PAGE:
This month will be the final chapter for Main Street Cafe.
The lease agreement between landlords Paul and Liz Nyberg and tenant Jamie Tomaselli expires Jan. 31 and will not be renewed, according to the Nybergs.
“We have decided to go in a different business direction,” said the owners of the 134 Main St. building. The Nybergs also own and publish the Town Crier.
The Nybergs, who have owned the building since 1995, intend to fill the space with an eatery open daytime and evening hours.
“We believe Los Altos is now ready for an exciting new restaurant concept to add to our downtown’s vitality,” they said.
Tomaselli declined comment for this article.
Tomaselli began managing the cafe in 2003 on behalf of the Nybergs, and three years later, she took over the business.
“We want to make sure this continues to be a place where everyone in the community can come and enjoy themselves,” the Mountain View resident told the Town Crier in 2006. “We always get positive comments about the ambience.”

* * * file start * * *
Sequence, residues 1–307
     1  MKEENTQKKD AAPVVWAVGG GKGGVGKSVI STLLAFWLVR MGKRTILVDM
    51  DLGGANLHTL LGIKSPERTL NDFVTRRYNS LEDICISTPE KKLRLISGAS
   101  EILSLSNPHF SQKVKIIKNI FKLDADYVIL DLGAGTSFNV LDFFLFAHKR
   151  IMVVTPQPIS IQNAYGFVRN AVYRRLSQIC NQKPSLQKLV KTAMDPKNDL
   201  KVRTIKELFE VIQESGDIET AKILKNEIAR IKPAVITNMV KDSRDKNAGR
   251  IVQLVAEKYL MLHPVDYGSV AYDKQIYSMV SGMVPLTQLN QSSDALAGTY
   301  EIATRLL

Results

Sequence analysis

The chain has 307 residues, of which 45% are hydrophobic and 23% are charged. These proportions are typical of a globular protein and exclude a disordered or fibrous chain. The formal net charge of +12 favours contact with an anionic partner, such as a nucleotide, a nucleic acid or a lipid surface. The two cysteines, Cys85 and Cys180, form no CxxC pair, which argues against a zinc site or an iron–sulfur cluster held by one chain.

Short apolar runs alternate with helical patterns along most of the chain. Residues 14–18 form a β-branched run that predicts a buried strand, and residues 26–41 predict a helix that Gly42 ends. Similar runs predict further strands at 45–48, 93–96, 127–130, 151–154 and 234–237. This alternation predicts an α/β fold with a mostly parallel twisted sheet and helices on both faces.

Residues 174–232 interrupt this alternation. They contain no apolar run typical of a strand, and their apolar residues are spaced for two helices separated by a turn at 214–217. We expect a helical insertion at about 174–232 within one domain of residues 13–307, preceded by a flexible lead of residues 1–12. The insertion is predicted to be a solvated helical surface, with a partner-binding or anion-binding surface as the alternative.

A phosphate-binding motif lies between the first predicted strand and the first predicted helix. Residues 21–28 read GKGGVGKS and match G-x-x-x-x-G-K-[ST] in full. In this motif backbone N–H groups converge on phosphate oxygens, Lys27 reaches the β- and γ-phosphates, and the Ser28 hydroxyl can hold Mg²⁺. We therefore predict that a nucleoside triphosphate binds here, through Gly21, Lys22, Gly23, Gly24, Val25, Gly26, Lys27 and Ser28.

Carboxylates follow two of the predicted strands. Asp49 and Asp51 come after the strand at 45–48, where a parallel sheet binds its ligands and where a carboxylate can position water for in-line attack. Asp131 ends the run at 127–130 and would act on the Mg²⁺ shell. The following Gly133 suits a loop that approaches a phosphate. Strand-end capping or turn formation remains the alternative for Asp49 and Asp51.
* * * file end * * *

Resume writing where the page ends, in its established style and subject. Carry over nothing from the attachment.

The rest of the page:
In the past decade, the cafe became a hub for numerous club gatherings, committee meetings and civic activities such as the Los Altos Police’s “Coffee with a Cop.”
“With Jamie taking over as manager, this is kind of a meeting place for a lot of people,” said Los Altos resident Lou Cogliani. “There are a lot of good establishments in town, but there aren’t a lot that have the space to gather.”
In response to the impending lease expiration, one community group petitioned the Nybergs to keep the cafe under its current ownership.
“It would just not be the same, especially given the ‘new age,’ nontraditional establishments that seem to be replacing those with the traditional ‘village’ feel,” according to the letter, signed by 28 area residents who meet on Saturdays to discuss cars.
Cogliani, a longtime resident of the city, lamented the loss of mainstays such as the cafe.
“What used to be a nice array of businesses is kind of collapsing around here,” he said.
Frequent patron and Los Altos resident Anna Cornell fears the business’s closure is part of a larger trend.
“You just turn your head and it’s another place closed,” she said. “Whatever’s new comes and goes quickly.”
This winter along Main Street, the Build It Again with Bricks LEGO store closed its doors, and the Therapy boutique intends to close its Main Street shop within the month. In December, The Makery and The Botanist shuttered on State Street.